Wen Ho Lee case: More like Dreyfus than Rosenbergs
Tony Karon - CNN - September 11, 2000
Wen Ho Lee's most fervent pursuers had proclaimed his case the biggest thing since the Rosenbergs, but the historical parallel may in fact be closer to the Dreyfus case. Like the turn-of-the-century Jewish Frenchman falsely accused of treason in a blaze of anti-Semitism and finally vindicated after a spell in prison, the Taiwanese-American nuclear scientist is set to go free Monday after reaching a plea agreement with federal prosecutors.
Unlike Dreyfus, of course, Wen Ho Lee isn't entirely innocent, but the government has been forced to concede that what he's guilty of is simply the negligent handling of highly classified material rather than any Rosenberg-style treason. (The Jewish-American couple were executed in the '50s after being convicted of passing U.S. nuclear secrets to the Soviets.) And Dr. Lee's supporters insist that, like Dreyfus, the Los Alamos nuclear scientist was targeted primarily because of his ethnicity -- a charge the FBI and Justice Department vehemently deny.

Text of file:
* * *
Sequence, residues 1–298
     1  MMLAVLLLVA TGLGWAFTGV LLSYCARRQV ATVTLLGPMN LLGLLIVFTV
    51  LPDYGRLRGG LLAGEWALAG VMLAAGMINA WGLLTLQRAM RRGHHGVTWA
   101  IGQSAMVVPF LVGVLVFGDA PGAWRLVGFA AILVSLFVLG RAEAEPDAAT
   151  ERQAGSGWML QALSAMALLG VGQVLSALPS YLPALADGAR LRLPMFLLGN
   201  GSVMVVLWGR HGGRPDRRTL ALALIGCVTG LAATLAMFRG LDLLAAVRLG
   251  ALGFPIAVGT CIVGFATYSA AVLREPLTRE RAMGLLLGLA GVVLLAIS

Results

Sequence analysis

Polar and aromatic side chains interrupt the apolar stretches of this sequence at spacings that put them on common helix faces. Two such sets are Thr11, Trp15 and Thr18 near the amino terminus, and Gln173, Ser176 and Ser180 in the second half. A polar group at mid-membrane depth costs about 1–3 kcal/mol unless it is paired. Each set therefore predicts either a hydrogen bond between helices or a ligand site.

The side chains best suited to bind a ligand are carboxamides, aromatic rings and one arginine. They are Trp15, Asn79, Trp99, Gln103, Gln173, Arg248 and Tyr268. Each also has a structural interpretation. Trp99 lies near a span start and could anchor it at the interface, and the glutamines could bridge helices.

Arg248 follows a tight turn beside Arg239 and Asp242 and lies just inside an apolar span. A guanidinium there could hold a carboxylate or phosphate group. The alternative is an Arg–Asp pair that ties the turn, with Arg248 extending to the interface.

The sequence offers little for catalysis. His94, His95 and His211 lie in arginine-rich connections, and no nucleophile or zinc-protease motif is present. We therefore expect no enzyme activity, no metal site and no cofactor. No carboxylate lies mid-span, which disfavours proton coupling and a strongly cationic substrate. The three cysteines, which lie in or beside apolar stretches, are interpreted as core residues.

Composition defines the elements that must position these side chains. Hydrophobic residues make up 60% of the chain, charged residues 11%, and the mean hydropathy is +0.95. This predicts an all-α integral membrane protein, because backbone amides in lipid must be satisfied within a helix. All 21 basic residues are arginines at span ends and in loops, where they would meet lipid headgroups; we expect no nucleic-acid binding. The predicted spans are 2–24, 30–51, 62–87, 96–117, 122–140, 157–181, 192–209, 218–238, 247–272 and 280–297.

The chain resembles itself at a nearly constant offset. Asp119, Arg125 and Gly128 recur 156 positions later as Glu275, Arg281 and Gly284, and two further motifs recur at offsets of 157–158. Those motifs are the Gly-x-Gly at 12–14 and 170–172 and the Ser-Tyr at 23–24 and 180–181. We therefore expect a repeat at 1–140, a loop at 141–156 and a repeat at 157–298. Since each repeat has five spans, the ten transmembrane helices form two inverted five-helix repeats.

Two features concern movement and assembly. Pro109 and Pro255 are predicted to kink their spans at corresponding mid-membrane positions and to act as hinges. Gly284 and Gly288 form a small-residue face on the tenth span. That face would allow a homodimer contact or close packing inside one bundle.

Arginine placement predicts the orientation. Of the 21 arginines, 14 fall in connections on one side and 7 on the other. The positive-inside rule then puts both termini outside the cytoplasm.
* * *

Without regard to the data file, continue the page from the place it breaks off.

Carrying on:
The feds will make the case that the plea agreement gives them what they most needed from Lee -- his cooperation in accounting for the seven missing tapes of highly classified material he downloaded. Lee's detention without bail in solitary confinement had long been explained as a hardball strategy to force the supposedly recalcitrant scientist to cooperate with the investigation. But the fact that the agreement comes after a number of courtroom setbacks for the government -- the most disturbing of which was the recent admission by an FBI agent that he'd provided false testimony in Lee's bail hearing -- and shortly before the deadline by which the feds would have been compelled to hand Judge James A. Parker documents that would allow him to pursue the claim that Lee was singled out because of his ethnicity leaves the government facing a banquet of crow.
Indeed, Americans may well find some cause for disquiet at the spectacle of the nation's leading law enforcement agency, in the eye of a political firestorm over China's apparent access to blueprints of some U.S. nuclear warhead designs, appearing to rush a man into court for allegedly helping a foreign power steal the "crown jewels" of the nation's nuclear secrets, only to recant nine months later and concede that the accused was guilty only of something even a former CIA director has admitted doing -- mishandling classified information. So while the feds may have finished with Wen Ho Lee, it's unlikely that Lee is finished with the feds.
The Wen Ho Lee page